Some meeting notes [Kit George]

Some meeting notes [Kit George]

  • Comments 10

All, thought I would post some notes from a recent meeting we had with the WebData team. This is in relation to a Tree class they have created internally in their namespaces, and what we should consider doing with it. The reference to 'our redblack' tree reflects a type you'll see in beta2.

Tree: created by WebData

-          The webdata team has made a tree, which is currently non-public. They wanted to consider whether this should be public, and whether they could use a generic version. Gang explained our current position on SortedDictionary, our generic redblack tree

-          Webdata asserted that our redblack tree does not satisfy their requirements

-          They also stated that some of our collections don’t meet the requirements for particular scenarios for our users. For example, adding a million rows to a SortedList takes around 30 minutes, but a redblack tree takes around 30 seconds. This is huge

-          End issue was: they believe their tree is good for general use, should we not consider having it in the BCL? One of the key things it does is that it has a key, value, and index

o        We have not heard the mass of request for this, but as with all collections, we’ll keep our heads up looking for requests. If the number of requests becomes significant, we’ll consider adding this in a future version

 NOTE: Redblack tree implementation underneath SortedList is all goodnesss for scalability and performance while operating with 100s of 1000s of rows but while operating in the lower end of the spectrum say less than 5000 rows (I don't have the exact perf data here), it would actually add to the overhead than any perf again compared to using simple list. What I'm getting at is there would be a break-even point before which using redblack tree is probbaly worse for your perf. Memory usage would be another point to consider as well.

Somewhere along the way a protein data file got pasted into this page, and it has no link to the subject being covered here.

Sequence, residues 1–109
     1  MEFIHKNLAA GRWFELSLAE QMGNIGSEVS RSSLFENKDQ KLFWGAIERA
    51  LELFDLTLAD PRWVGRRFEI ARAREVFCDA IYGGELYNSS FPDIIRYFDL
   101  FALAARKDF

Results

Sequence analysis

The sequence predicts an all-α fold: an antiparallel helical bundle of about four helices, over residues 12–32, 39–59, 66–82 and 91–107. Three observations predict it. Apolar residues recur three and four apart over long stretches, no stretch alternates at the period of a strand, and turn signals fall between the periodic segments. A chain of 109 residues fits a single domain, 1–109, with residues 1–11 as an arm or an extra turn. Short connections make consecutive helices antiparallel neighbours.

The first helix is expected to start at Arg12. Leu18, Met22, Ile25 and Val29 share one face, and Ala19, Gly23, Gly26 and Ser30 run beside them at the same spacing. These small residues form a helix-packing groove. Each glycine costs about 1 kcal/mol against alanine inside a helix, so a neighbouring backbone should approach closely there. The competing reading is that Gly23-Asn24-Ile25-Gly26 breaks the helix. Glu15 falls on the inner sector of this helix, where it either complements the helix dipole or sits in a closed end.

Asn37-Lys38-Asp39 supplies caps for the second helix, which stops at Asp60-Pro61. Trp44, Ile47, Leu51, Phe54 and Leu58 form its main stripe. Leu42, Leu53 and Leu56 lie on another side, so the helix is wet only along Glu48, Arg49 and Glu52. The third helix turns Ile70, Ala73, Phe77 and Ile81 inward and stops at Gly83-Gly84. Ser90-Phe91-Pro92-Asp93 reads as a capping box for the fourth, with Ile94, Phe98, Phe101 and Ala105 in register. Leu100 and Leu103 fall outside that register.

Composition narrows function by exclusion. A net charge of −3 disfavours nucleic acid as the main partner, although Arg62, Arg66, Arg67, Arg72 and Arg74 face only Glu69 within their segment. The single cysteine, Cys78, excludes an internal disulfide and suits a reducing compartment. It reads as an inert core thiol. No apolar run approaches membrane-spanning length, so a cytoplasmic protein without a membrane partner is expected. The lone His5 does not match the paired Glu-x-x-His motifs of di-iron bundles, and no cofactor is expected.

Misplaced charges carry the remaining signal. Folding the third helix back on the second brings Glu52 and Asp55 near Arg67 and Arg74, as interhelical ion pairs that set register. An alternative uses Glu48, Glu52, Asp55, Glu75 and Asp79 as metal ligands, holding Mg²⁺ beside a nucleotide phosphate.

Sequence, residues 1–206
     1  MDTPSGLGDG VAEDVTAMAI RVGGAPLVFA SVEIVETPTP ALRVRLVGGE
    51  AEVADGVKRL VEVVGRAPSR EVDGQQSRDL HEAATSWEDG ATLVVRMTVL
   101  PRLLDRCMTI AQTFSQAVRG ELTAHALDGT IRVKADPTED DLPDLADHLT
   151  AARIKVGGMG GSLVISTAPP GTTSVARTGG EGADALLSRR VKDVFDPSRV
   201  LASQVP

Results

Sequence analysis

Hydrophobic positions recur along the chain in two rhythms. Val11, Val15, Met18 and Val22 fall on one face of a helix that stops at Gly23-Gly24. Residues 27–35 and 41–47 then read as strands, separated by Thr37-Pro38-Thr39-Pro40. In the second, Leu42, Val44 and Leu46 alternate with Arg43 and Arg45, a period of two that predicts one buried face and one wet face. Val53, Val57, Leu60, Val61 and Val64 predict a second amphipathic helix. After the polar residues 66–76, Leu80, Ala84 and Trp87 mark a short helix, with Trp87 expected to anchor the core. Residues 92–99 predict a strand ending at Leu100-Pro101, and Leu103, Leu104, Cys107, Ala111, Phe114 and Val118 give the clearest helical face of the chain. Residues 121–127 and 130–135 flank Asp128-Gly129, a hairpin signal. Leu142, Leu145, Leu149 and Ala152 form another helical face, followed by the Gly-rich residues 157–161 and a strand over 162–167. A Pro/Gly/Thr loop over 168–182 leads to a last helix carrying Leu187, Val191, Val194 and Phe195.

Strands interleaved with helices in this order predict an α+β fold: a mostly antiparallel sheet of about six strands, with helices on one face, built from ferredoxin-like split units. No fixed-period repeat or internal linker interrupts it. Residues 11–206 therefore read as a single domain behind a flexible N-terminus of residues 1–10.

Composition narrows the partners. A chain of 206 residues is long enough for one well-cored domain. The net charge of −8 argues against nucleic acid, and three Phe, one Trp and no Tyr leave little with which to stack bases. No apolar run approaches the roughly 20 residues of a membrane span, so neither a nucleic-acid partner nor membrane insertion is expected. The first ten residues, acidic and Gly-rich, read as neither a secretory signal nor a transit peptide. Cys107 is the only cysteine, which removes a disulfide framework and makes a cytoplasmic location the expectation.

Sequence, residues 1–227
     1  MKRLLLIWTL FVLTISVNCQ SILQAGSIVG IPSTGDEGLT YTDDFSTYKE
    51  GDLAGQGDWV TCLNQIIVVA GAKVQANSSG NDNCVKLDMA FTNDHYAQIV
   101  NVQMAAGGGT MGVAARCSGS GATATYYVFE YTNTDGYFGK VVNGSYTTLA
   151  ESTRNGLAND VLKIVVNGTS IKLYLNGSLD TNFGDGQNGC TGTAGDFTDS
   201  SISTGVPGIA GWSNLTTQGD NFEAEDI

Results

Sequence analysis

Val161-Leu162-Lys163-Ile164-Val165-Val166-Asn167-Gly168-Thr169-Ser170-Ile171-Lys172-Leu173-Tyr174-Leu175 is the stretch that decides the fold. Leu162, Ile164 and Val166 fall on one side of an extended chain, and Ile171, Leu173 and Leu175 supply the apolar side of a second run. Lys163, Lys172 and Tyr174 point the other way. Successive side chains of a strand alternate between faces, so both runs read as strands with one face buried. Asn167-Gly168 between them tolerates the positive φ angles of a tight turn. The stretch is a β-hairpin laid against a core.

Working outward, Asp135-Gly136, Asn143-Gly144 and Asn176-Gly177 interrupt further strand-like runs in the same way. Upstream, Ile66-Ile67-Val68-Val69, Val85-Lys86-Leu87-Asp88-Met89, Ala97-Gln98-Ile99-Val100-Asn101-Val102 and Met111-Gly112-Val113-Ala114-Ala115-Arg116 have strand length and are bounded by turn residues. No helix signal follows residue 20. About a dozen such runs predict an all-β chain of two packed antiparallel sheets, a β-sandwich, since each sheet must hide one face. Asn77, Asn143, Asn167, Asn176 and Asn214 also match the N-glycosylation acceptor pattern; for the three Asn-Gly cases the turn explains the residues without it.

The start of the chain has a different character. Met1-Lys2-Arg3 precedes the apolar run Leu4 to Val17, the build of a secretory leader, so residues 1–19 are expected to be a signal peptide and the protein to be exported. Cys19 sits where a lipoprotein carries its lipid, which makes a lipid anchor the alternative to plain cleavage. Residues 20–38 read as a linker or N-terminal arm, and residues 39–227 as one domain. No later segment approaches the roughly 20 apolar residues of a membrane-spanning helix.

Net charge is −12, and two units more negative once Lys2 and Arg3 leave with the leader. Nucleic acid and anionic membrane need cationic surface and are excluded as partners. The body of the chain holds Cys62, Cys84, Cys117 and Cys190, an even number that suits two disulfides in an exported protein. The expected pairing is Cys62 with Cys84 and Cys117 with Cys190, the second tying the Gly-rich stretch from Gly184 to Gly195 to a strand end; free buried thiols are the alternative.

-          Things we can consider for the future:

o        Do we have to handle duplicates in the class? Do we want to?

o        GC friendliness

o        Do we want to provide positioning (index)

-          Goal for VNext: consider how we can provide a tree, or tree like structure(s) which could meet the needs of the webdata team

Other issues:

-          Fix Dictionary, so that it is single writer safe. This means consumers have to stick locks everywhere to ensure the right thing happens (or, use Hashtable)

-     WebData suggestion: Consider making a HybridDictionary<T>, a generic version of HybridDictionary

  • "We have not heard the mass of request for this, but as with all collections, we’ll keep our heads up looking for requests."

    I appreciate the position that sometimes must be taken to make a statement like this. But as a developer who is accutely aware of how much one good algorithm can make a process hum, this just really burns me when I hear this over, and over, and over.

    First you are never going to get mass requests for stuff like this because the percentage of developers that know that certain algorithms are needed is really very small. Sorry but it's the truth.

    Second, everyone that's ever tried to use SortedList for large lists knows that it sucks. If they don't know that the collection sucks they are probably thinking to themselves, man .NET sure is slow. Which is worse. To me it is someone thinking .NET sucks rather than thinking the algorithm sucks. The implementation of SortedList is really something that a first year CS student would write, not something that a software company the size of MS would produce. Sorry but that's an even bigger truth.